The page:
I was at the site at 7:30 AM to await the arrival of the telehandler. While I waited I worked on the motion activated spots I will install in front of the supplies trailer. Shortly after 8 the machine arrived and I headed off to the rental shop to pick up a plate compactor. I used the telehandler to lift both the compactor and the metal beam into the pit.
I fully ‘compacted’ all of the footing zones and then ran the laser level across all. If they had settled, it was to little to observe. So now I had to power rake all of the excess gravel off the footing areas. This work had to be done before the floor trusses arrived, as I just knew the trusses would take the rest of the day, and I wanted to re-compact the regraded gravel before the end of the day so I did not have a second day of rental. Where it had taken parts of three days to originally grade the gravel, I re-graded the whole thing in about three hours this morning. This raking is what did in my back. The compactor operation just cemented in the pain!
As soon as I was done and contemplating returning the compactor for a 4 hour rental rate, a very large transport truck turned the corner and I knew the rest of my day was about to start. The 53ft transport van was empty except for my trusses. But the skids were tightly against the back and side wall.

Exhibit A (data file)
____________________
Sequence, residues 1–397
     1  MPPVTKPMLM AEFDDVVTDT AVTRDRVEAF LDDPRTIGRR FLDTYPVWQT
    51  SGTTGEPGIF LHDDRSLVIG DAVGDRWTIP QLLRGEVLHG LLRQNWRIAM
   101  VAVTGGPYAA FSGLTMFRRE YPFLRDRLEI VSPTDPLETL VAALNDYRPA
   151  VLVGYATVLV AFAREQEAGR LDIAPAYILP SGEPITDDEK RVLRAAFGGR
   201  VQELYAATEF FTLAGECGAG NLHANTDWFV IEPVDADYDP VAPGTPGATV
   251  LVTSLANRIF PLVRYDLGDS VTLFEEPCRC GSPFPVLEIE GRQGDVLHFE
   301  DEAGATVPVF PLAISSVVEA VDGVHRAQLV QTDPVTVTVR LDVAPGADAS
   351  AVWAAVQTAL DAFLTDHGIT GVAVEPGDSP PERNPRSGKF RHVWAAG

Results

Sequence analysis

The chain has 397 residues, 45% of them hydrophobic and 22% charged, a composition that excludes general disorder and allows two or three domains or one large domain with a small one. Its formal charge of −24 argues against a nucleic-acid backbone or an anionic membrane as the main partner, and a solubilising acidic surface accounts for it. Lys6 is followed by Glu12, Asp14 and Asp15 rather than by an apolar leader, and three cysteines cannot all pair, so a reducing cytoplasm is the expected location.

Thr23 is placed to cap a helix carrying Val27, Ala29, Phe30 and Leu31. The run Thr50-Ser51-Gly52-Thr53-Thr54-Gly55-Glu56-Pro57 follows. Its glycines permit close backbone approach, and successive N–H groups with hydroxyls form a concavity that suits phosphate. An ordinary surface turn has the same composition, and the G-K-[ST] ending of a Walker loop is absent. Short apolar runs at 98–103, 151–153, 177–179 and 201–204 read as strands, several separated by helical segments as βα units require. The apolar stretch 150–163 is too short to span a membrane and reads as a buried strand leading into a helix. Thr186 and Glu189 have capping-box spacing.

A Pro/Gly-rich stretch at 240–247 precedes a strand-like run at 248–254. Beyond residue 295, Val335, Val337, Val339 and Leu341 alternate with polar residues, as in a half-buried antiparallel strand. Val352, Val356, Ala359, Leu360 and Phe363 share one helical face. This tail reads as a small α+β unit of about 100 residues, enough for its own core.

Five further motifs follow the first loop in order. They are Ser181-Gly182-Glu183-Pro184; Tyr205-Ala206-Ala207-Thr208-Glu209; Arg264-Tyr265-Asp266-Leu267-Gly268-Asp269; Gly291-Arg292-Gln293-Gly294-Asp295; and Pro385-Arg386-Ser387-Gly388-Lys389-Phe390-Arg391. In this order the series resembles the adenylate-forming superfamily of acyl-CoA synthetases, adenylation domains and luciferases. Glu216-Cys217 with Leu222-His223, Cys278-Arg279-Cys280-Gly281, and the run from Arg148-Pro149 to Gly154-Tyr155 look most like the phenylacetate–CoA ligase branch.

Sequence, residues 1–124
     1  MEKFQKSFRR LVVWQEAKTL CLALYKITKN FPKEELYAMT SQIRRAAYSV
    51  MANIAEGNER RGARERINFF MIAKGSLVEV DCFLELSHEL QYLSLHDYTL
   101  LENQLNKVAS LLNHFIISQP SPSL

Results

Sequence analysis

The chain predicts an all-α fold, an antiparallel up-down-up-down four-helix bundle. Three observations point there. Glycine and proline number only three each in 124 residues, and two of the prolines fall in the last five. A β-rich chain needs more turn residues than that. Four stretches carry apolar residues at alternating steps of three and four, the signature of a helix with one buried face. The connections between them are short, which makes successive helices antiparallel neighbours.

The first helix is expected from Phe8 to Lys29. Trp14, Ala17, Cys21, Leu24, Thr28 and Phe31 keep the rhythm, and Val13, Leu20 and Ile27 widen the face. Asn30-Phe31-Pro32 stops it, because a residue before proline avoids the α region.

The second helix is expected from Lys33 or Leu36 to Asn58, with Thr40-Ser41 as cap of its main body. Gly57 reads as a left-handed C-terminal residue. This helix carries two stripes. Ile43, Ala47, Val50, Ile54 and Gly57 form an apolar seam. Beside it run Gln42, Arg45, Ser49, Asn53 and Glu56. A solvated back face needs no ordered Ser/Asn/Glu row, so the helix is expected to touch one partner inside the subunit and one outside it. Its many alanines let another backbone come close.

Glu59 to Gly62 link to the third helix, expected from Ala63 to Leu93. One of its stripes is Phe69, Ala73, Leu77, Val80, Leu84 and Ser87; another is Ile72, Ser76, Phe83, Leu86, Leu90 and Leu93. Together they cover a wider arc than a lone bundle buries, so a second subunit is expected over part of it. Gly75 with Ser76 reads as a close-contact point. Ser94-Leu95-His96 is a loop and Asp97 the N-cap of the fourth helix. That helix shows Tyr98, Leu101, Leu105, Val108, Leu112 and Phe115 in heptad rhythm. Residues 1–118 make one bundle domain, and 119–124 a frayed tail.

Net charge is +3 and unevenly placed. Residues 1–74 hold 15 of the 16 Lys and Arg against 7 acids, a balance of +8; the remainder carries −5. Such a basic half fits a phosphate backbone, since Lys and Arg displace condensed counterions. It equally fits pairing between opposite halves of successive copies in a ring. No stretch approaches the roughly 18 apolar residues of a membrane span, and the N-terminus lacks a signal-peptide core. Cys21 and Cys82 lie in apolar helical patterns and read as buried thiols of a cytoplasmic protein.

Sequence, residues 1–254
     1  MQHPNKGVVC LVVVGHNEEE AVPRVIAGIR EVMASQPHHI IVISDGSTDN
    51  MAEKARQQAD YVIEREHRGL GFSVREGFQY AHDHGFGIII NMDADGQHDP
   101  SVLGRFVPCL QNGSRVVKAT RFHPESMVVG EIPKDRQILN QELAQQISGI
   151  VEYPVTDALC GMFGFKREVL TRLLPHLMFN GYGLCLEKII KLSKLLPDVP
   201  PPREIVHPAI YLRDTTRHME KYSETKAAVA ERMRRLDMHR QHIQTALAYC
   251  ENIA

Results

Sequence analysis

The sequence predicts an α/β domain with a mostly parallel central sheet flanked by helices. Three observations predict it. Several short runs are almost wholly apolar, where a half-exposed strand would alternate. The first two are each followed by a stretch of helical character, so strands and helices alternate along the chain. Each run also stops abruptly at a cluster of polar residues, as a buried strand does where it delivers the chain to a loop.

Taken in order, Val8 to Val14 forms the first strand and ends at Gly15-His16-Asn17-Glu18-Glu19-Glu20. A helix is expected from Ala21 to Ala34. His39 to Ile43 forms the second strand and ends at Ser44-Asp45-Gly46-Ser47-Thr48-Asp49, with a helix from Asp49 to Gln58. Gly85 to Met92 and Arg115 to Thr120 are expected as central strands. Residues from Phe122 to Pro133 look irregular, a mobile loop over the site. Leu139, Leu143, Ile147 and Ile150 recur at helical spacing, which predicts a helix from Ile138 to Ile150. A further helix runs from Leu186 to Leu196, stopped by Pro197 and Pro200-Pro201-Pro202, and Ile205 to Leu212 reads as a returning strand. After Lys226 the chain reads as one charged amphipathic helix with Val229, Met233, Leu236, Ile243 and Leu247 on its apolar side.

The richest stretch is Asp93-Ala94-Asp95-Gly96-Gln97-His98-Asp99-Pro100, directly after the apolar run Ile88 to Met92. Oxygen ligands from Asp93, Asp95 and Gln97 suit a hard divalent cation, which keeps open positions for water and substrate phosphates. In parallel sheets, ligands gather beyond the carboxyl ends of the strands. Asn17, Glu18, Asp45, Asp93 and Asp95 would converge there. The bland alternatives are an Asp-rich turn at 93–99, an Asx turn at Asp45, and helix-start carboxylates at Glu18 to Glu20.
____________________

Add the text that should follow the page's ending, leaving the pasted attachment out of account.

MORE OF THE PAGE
We spent the better part of the next two hours wrangling the shipment to the door side of the van. I had two 20ft straps and a chain. The telehandler had a 20′ or so reach into the van. We were finally able to push straps down around the entire perimeter of the package and drag towards the door by attaching the straps to the telehandler with the chain.
I dragged the full package so that it projected out of the truck just past the half way point (was heavier at the back side than front). I then build a stand to support the cantilevered side (to prevent the package from rotating down to the street).
Then while I was securing the package with the telehandler, the driver pulled the van forward so that only the last foot or so was in the van. This then allowed access from the side and a few minutes later, the whole package was sitting on the street and the transporter was driving away and preparing for his return trip to Quebec.